Turks flocked to the polls Sunday where a majority voted “yes” in a referendum that will usher in 18 amendments to Turkey’s constitution and upend its parliamentary system of government.
As of Monday morning, 99.8 percent of ballot boxes throughout the country had been opened and showed that the “yes” vote stands at 51.4 percent. The referendum requires a simple majority, or 51 percent, to pass.
President of the Supreme Electoral Council Sadi Güven confirmed the “yes” vote’s triumph according to unofficial poll results. He said official results would be made available in about 10 days after any objections are considered.
President Recep Tayyip Erdogan, considered the mastermind of the referendum, said “a new era begins in Turkey,” adding that “no” votes trailed by about 1.3 million votes.
"Turkey has taken a historic decision,” Erdogan declared on Sunday. “That decision was no ordinary one. Today is the day when a change, a decision to shift to a truly serious administrative system, was made,” he added, reflecting the impetus for the referendum, which grew out of frustration within Turkey over what many believe is a heavily bureaucratic and bogged-down parliamentary system.
“I would like to thank all our citizens, regardless of how they voted, who went to the polling stations to protect their national will,” Erdogan told reporters Sunday at his official residence in Istanbul, the Huber Palace.
The ruling AKP party, led by Turkey’s Prime Minister Binali Yıldırım, introduced the proposed changes last year and later secured parliament’s approval to put them to a public vote. In a balcony address at the AKP headquarters in Ankara following the vote, Yıldırım hailed the referendum victory as “a new page in Turkey’s democratic history.”
“The nation had the final say in this historic referendum. We have said different things in [rally] squares; we have voiced different things to the nation but the nation gave its final world by saying “Yes.” There are no losers in this referendum. The whole nation emerged as the winner," Yıldırım said.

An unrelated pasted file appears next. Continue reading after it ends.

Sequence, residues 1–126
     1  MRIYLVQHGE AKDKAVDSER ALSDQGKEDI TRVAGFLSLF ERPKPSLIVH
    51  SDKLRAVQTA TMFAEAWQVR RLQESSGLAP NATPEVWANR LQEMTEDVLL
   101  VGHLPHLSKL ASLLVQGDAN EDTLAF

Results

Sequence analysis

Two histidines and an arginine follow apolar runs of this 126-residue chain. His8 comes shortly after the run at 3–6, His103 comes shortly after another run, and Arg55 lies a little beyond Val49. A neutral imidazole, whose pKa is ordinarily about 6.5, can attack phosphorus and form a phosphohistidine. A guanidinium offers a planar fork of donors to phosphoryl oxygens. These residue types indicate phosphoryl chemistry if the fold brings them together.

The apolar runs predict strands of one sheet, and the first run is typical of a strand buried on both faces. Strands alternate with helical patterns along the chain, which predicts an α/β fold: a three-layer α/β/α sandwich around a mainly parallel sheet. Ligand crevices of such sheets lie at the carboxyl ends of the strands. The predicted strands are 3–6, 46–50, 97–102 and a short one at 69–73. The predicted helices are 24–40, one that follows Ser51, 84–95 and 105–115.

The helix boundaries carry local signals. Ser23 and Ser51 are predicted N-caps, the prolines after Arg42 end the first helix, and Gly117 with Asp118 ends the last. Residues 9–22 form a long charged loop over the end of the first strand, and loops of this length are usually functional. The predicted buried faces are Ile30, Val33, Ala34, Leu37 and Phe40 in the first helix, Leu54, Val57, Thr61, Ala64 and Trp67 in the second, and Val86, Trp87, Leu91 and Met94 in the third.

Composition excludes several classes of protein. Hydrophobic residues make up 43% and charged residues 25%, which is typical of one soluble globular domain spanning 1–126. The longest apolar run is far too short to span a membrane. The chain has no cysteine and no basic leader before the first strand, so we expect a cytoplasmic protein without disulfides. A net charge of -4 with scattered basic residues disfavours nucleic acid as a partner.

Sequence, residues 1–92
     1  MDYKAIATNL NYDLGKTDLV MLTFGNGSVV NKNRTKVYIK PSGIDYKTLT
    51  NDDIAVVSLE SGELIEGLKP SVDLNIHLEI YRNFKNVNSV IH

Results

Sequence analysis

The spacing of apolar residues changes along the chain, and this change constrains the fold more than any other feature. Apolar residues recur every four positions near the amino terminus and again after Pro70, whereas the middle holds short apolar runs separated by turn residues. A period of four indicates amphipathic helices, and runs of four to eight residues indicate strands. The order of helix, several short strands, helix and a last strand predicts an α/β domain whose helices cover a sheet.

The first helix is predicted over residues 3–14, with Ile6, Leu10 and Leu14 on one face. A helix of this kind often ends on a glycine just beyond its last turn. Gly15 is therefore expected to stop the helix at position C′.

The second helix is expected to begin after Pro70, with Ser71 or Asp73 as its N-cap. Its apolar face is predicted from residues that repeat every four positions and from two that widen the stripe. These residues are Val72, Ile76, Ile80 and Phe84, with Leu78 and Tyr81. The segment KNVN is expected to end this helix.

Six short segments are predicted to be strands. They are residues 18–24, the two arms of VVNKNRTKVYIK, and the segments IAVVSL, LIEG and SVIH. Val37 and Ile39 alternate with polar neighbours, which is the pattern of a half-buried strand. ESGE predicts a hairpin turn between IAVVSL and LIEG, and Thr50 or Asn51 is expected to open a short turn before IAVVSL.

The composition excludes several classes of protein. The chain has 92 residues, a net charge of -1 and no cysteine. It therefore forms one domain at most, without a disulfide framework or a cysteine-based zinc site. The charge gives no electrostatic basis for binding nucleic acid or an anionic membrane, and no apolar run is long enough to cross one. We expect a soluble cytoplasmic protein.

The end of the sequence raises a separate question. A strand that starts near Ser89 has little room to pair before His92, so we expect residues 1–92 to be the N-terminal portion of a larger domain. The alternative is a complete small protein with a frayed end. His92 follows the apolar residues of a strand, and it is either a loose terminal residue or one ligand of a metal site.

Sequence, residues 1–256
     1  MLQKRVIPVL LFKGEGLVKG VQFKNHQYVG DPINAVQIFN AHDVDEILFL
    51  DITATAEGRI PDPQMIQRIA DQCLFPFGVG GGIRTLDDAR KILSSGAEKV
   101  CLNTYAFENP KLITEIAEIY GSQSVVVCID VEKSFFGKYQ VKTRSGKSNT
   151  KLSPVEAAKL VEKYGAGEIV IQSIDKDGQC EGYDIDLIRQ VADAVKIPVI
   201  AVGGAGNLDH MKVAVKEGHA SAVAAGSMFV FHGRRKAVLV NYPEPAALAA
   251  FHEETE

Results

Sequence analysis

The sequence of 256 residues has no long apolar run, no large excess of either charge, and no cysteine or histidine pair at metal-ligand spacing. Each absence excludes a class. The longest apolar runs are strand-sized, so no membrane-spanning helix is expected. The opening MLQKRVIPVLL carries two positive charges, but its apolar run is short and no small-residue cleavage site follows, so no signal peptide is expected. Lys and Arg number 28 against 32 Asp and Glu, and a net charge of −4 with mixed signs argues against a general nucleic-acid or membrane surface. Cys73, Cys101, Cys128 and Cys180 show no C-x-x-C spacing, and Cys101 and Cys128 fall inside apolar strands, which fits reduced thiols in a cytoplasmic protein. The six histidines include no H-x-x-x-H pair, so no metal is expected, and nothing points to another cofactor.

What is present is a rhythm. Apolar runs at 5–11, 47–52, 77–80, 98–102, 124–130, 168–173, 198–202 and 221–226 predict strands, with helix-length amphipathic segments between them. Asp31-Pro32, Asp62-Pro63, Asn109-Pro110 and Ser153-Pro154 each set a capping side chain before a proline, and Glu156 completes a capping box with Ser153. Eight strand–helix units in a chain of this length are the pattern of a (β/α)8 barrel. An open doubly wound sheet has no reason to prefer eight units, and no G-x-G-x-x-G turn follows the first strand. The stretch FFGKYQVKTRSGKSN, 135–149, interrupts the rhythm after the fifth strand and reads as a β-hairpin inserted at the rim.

Changes to come as a result of the referendum passing include expanding Turkey’s Grand Assembly, or unicameral parliament, from 550 to 600 seats, lowering the required age to become a member to 18, and abolishing the Office of the Prime Minister. The president will have the power to appoint one or more vice-presidents, appoint four out of 13 judges to the highest judicial board, and sidestep military courts.
The biggest alteration, however, is to turn the country into a presidential republic, whereby the head of state and head of government is one in the same person. In this system, similar to that used in the United States, the president is the head of all executive agencies and has sole executive authority over the appointment and removal of cabinet officials.
Erdogan believes the new system will resemble those in France and the US and will bring calm in a time of turmoil marked by a Kurdish insurgency and conflict in neighboring Syria, which has led to a huge refugee influx.
Since its founding, the post-Ottoman, modern Turkish state has been governed under four different constitutions, passed in 1921, 1924, 1961, and the latest in 1982. The current constitution has been amended 17 times, with the last significant change in 2010. Overall, 113 of its 177 articles have been amended.
Shortly before Prime Minister Yıldırım declared a victory for Erdogan, thousands poured in front of the Ankara headquarters of the AKP party to welcome the triumph. Dances, songs, flares, flags, car horns and chants of "evet," meaning “yes” in Turkish, could be heard throughout the city,